WASHINGTON: President Joe Biden will try to reaffirm and recalibrate US relationships in the Middle East during his first trip to the region since taking office beginning on Wednesday in Israel.
The US president’s next stop will be Saudi Arabia.
Looming over Biden’s travels will be his administration’s struggle to rejuvenate the Iran nuclear deal that was reached by Barack Obama in 2015 and abandoned by Donald Trump in 2018. Negotiations stalled last month, and Iran is believed to be closer than ever to having the ability to build a nuclear weapon. Failure to reach a diplomatic solution could increase the chance of conflict in an already combustible neighbourhood.
“He’s going to face a region that’s long on problems with very few solutions,’’ said Aaron David Miller, a former State Department official who is now a senior fellow at the Carnegie Endowment for International Peace.
In addition, Biden has been more focused on Europe, which is experiencing its worst armed conflict since World War II, and Asia, where he’s been trying to reorientate US foreign policy.
Jake Sullivan, the president’s national security adviser, said the US needs to remain “intensively engaged’’ in the Middle East because the region is “deeply interwoven with the rest of the world.’’
“If we act now to create a peaceful and stable region, it will pay dividends for the American national interests and for the American people for years to come,” he said at a White House briefing.
In addition to meetings with Israeli and Palestinian politicians, Biden is expected to visit an Israeli missile defence installation and the Yad Vashem Holocaust Memorial. He’s also slated to receive Israel’s Presidential Medal of Honor and visit with US athletes taking part in the Maccabiah Games, which involves thousands of Jewish and Israeli athletes from around the globe.
He travels to Saudi Arabia on Friday and he’ll attend a summit of the Gulf Cooperation Council there on Saturday, which brings together Arab leaders from the region. Sullivan said the president will make a “major statement’’ on his vision for the Middle East region.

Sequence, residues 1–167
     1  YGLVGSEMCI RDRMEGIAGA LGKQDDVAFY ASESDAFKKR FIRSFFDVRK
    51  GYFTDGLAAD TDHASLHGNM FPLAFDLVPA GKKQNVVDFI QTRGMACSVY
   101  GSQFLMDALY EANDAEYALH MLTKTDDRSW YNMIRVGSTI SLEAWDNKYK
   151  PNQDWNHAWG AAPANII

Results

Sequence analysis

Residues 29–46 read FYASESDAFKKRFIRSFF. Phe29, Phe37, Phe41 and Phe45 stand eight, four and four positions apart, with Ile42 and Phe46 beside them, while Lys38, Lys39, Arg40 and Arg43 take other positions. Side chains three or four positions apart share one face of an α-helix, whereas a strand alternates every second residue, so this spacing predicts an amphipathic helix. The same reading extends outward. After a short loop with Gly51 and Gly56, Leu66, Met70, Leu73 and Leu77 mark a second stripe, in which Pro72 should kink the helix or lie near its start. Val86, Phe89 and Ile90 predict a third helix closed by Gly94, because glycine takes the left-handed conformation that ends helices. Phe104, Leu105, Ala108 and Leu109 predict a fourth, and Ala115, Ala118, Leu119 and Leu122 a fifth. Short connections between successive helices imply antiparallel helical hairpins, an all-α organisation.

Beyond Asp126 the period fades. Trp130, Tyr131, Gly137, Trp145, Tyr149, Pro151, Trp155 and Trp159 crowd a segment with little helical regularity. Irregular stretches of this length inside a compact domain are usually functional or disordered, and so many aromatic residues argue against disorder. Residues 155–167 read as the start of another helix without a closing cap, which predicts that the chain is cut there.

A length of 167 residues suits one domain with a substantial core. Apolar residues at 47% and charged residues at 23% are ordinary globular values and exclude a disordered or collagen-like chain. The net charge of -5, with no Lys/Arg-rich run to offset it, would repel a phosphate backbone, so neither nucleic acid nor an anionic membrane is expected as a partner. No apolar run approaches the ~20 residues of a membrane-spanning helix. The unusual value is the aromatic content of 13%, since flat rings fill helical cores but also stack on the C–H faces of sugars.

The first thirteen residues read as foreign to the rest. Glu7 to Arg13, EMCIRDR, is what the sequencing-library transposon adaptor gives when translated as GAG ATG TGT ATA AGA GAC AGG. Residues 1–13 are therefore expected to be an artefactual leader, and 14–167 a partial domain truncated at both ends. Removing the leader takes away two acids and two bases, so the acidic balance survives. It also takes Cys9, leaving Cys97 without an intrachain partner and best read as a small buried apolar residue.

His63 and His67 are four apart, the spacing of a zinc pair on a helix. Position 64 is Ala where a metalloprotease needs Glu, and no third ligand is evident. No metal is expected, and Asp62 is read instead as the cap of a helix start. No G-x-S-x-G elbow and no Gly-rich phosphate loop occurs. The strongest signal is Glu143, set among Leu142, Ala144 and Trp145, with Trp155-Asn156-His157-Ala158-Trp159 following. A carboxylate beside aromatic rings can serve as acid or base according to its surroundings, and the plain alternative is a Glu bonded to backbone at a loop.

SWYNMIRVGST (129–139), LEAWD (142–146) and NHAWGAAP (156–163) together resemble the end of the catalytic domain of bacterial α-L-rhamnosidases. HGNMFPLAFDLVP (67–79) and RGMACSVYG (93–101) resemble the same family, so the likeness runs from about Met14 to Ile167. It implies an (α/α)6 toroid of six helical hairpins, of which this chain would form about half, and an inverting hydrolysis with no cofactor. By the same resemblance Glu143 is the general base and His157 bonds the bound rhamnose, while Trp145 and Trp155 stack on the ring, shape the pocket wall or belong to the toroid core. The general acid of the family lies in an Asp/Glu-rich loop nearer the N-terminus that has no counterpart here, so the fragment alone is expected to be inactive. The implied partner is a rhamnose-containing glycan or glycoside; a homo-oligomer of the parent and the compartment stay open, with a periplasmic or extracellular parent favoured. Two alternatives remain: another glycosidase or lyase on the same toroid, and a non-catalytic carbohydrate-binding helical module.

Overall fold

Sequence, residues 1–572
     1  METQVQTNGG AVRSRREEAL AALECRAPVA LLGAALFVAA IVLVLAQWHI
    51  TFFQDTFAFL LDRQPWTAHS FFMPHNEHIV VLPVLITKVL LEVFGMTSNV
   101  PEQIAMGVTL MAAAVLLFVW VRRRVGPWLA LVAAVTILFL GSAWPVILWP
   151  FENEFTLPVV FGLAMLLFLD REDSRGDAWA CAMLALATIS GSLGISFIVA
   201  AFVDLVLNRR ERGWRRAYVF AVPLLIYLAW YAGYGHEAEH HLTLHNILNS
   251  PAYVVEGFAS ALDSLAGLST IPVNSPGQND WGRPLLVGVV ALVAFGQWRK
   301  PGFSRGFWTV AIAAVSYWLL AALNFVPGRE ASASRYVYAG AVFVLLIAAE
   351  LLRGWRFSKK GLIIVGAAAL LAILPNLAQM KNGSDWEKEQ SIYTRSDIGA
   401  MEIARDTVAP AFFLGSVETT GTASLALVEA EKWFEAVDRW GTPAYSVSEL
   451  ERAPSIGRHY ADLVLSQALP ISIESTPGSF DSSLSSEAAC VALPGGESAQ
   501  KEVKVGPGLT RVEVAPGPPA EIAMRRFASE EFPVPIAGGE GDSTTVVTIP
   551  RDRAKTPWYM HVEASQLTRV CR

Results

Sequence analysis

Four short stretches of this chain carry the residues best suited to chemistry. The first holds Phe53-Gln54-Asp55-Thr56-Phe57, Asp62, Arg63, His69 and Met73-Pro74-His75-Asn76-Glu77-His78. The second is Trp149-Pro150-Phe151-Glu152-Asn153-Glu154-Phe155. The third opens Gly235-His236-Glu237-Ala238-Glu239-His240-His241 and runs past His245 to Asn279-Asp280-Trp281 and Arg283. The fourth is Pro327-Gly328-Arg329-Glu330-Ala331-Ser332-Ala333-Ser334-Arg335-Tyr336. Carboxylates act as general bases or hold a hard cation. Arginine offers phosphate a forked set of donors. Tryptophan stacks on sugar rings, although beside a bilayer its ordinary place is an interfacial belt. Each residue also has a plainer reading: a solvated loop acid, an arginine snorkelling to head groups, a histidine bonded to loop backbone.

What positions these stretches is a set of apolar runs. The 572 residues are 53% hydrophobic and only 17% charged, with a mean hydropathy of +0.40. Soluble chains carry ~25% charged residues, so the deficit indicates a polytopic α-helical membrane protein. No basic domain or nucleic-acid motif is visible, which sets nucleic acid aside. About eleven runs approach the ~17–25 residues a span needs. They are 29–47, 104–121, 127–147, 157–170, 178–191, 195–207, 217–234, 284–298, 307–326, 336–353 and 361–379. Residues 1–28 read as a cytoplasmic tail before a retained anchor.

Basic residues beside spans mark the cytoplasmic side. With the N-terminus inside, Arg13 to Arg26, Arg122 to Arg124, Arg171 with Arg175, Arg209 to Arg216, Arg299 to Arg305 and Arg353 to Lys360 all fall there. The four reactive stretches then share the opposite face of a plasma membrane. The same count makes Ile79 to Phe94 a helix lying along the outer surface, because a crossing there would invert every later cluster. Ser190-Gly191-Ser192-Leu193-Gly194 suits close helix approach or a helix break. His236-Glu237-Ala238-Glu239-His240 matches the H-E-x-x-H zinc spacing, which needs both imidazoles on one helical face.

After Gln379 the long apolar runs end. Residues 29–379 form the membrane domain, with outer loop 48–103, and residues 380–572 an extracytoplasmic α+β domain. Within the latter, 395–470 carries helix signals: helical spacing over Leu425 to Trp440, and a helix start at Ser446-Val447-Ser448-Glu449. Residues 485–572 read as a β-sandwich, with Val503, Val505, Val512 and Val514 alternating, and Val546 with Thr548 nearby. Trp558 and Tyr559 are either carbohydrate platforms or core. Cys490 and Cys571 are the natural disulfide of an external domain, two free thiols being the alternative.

Biden made only a glancing reference to working with Saudi Arabia to “help stabilise oil markets’’ when he wrote an op-ed in the Washington Post.
He said he wants “to reorient — but not rupture” the US relationship with Saudi Arabia.
Brian Katulis, vice-president of policy at the Middle East Institute, said Biden’s shifting approach shows he’s no longer seeking the dramatic break from Trump that he originally envisioned.
“I think reality just set in,” Katulis said, describing the administration’s views on the region as evolving from “adolescence to a much more mature phase.’’
Major stumbling block
A significant stumbling block has been the lack of a new nuclear agreement with Iran. The last round of negotiations in Doha ended without success. The Saudis, as well as the Israelis, have been frustrated that the White House has not abandoned efforts to revive the deal with Tehran.
“We want the Saudis to feel that the US is committed to its security long term, and that, in turn, the Saudis are committed to US national security interests as well,’’ said Richard Goldberg, who served as a senior National Security Council adviser on Iran in the Trump administration.
Biden hopes to foster closer ties during his trip, and it’s notable that he will be the first US president to travel directly from Israel to Saudi Arabia.
Although no one expects the two countries to immediately normalise relations, there could be incremental steps taken, such as by allowing Israeli flights to cross through Saudi airspace.
“The tectonic plates are shifting,’’ said Dennis Ross, a former American diplomat who is now a distinguished fellow at the Washington Institute for Near East Policy. “That’s what’s happening.’’
It’s unclear whether any of these changes could eventually lead to a resolution of the decades-old conflict between Israel and the Palestinians.
Peace talks are moribund, nor is there much chance of reviving them at the current moment.
Yair Lapid, Israel’s caretaker prime minister, leads a centrist political party that is more aligned with Biden than the country’s recent conservative leaders. However, new elections are being held in November, and Israelis could decide to revert to Benjamin Netanyahu, a right-wing leader who has clashed with Biden in the past.
A warm visit from Biden could boost Lapid’s chances, but any overt shows of support for him could backfire.
Either way, the chaotic state of Israeli politics — this will be the fifth election in three years — means little can be accomplished in the interim.
“This is not the moment to try to revive the peace process,’’ said Martin Indyk, a distinguished fellow at the Council on Foreign Relations who was Obama’s special envoy for Israeli-Palestinian negotiations.
Still, Indyk encouraged Biden to express his support for a two-state solution, however distant the possibility may be.
“If you ignore the Palestinian issue, it will come back to bite you,” he said. “And eventually it will explode. And that’s not in anybody’s interest.’’